•  Performing arts: 300 students  Natural sciences: 300 students  Humanities: 600 students  Business & social sciences: 500 students Proportions: 3: 3: 6: 5 ∴ Minimum required is 3 + 3 + 6 + 5 = 17 EXAMPLE OF A PROPORTIONATE/QUOTA SAMPLE FROM A UNIVERSITY
  •  Stage 1: Identify those characteristics which appear in the wider population which must also appear in the sample, i.e. divide the wider population into mutually exclusive homogeneous groups, one row for each characteristic.  Stage 2: Identify the frequencies and proportions in which the selected characteristics appear in the wider population (as a percentage). HOW TO OBTAIN A PROPORTIONATE (QUOTA) SAMPLE
  •  Stage 3: Ensure that the same percentages of characteristics appear in the sample.  Stage 4: Calculate the totalled percentage and divide it by the highest common factor of the cells in that column.  Stage 5: Add together the totals for the column to find out the total. HOW TO OBTAIN A PROPORTIONATE (QUOTA) SAMPLE
  •  Deliberately chosen for specific purposes. PURPOSIVE SAMPLE
  • ● Critical case sampling ● Extreme case sampling ● Deviant case sampling ● Boosted sample ● Negative case sampling ● Maximum variation sampling ● Typical case sampling ● Intensity sampling KINDS OF PURPOSIVE SAMPLING
  • ● Homogeneous sampling ● Reputational case sampling ● Revelatory case sampling ● Politically important case sampling ● Complete collection sampling ● Theoretical sampling ● Confirming and disconfirming case sampling KINDS OF PURPOSIVE SAMPLING
  •  Identify the group of factors (dimensions) to be sampled, and obtain one respondent (or more) for each group, i.e. a respondent who carries more than one factor, e.g. a junior employee who is a not native English‑ speaker. DIMENSIONAL SAMPLING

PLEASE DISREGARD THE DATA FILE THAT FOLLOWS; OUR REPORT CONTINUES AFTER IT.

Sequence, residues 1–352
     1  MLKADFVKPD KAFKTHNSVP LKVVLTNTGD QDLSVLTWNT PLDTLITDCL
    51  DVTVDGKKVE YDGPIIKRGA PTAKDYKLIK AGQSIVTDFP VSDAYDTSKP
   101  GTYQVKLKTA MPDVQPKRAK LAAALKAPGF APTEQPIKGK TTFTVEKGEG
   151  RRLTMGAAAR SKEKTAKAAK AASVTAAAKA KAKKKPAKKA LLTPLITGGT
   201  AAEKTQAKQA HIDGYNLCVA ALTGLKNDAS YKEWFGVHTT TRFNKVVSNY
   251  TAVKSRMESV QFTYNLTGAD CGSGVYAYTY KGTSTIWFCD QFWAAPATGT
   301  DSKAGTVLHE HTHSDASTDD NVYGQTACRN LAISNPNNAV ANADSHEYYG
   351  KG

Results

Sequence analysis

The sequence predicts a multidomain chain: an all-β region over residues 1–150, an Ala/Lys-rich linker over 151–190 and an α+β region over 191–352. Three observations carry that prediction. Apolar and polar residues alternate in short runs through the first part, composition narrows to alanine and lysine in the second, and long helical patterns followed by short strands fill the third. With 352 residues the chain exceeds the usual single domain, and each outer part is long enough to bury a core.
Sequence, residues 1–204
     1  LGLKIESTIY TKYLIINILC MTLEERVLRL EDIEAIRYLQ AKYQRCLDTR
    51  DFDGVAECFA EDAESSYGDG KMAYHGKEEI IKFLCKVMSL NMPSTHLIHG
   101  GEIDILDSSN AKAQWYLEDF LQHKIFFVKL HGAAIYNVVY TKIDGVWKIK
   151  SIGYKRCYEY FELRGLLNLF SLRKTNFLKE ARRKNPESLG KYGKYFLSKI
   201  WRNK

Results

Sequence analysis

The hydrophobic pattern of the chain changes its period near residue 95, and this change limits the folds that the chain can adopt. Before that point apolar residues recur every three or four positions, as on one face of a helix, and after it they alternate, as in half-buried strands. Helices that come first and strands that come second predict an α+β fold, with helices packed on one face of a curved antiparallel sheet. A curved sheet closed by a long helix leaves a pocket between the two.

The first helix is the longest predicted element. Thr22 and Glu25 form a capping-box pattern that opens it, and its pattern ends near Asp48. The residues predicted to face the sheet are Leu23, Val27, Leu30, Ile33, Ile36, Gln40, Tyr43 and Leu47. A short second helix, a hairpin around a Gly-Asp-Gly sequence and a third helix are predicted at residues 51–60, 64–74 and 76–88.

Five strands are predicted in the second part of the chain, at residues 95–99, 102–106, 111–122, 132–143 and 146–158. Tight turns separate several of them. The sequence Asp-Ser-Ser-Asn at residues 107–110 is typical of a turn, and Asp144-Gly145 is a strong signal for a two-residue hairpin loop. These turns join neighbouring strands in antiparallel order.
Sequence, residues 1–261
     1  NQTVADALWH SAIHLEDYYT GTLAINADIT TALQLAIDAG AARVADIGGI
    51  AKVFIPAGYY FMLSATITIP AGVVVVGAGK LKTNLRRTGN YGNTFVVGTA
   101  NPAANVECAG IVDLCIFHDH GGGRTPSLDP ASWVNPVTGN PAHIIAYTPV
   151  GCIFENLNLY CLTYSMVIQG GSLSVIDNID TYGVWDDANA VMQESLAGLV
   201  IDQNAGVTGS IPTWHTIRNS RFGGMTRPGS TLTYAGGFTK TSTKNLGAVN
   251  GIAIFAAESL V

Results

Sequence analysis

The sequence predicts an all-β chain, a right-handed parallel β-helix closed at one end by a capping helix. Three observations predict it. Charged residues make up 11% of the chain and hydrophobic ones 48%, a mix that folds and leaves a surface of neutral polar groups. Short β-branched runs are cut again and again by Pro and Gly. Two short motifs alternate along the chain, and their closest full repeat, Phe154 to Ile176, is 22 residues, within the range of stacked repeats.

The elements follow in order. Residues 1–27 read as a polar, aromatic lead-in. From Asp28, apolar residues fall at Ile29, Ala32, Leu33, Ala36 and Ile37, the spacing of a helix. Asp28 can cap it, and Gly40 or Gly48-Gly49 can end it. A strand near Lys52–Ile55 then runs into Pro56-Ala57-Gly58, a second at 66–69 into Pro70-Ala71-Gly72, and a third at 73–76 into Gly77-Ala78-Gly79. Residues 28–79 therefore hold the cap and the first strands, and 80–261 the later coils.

•  One sample leads on to more of the same kind of sample. SNOWBALL SAMPLING
  • Person 1 Friend/contact 1 contacts his/her own friends/contacts/ Friend/contact 2 contacts his/her own friends/contacts/ Friend/contact 3 contacts his/her own friends/contacts/ 4 5 6 7 8 9 10 11 12 RESEARCHER RESEARCHER HAS 3 CONTACTS THE 3 CONTACTS EACH HAVE 3 CONTACTS SNOWBALL SAMPLING
  •  Volunteers may be well intentioned, but they do not necessarily represent the wider population.  Caution: people volunteer for different motives, e.g.: – wanting to help a friend – interest in the research – wanting to benefit society – revenge on a particular school or headteacher. VOLUNTEER SAMPLING
  •  The researcher must have sufficient data to be able to generate and ‘ground’ the theory in the research context, i.e. to create theoretical explanation of what is happening in the situation, without having any data that do not fit the theory.  The researcher proceeds in gathering more and more data until the theory remains unchanged, until no modifications to the grounded theory are made in light of the constant comparison method. THEORETICAL SAMPLING
  •  Parallel mixed methods sampling  Sequential mixed methods sampling  Multilevel mixed methods sampling  Stratified purposive sampling  Purposeful random sampling  Nested sampling designs MIXED METHOD SAMPLING DESIGNS
  • Stage One: Decide whether you need a sample, or whether it is possible to have the whole population. Stage Two: Identify the population, its important features (the sampling frame) and its size. Stage Three: Identify the kind of sampling strategy you require (e.g. which variant of probability, non- probability, or mixed methods sample you require). Stage Four: Ensure that access to the sample is guaranteed. If not, be prepared to modify the sampling strategy. PLANNING A SAMPLING STRATEGY
  • Stage Five: For probability sampling, identify the confidence level and confidence intervals that you require. For non-probability sampling, identify the people whom you require in the sample. Stage Six: Calculate the numbers required in the sample, allowing for non-response, incomplete or spoiled responses, attrition and sample mortality. Stage Seven: Decide how to gain and manage access and contact. Stage Eight: Be prepared to weight (adjust) the data, once collected. PLANNING A SAMPLING STRATEGY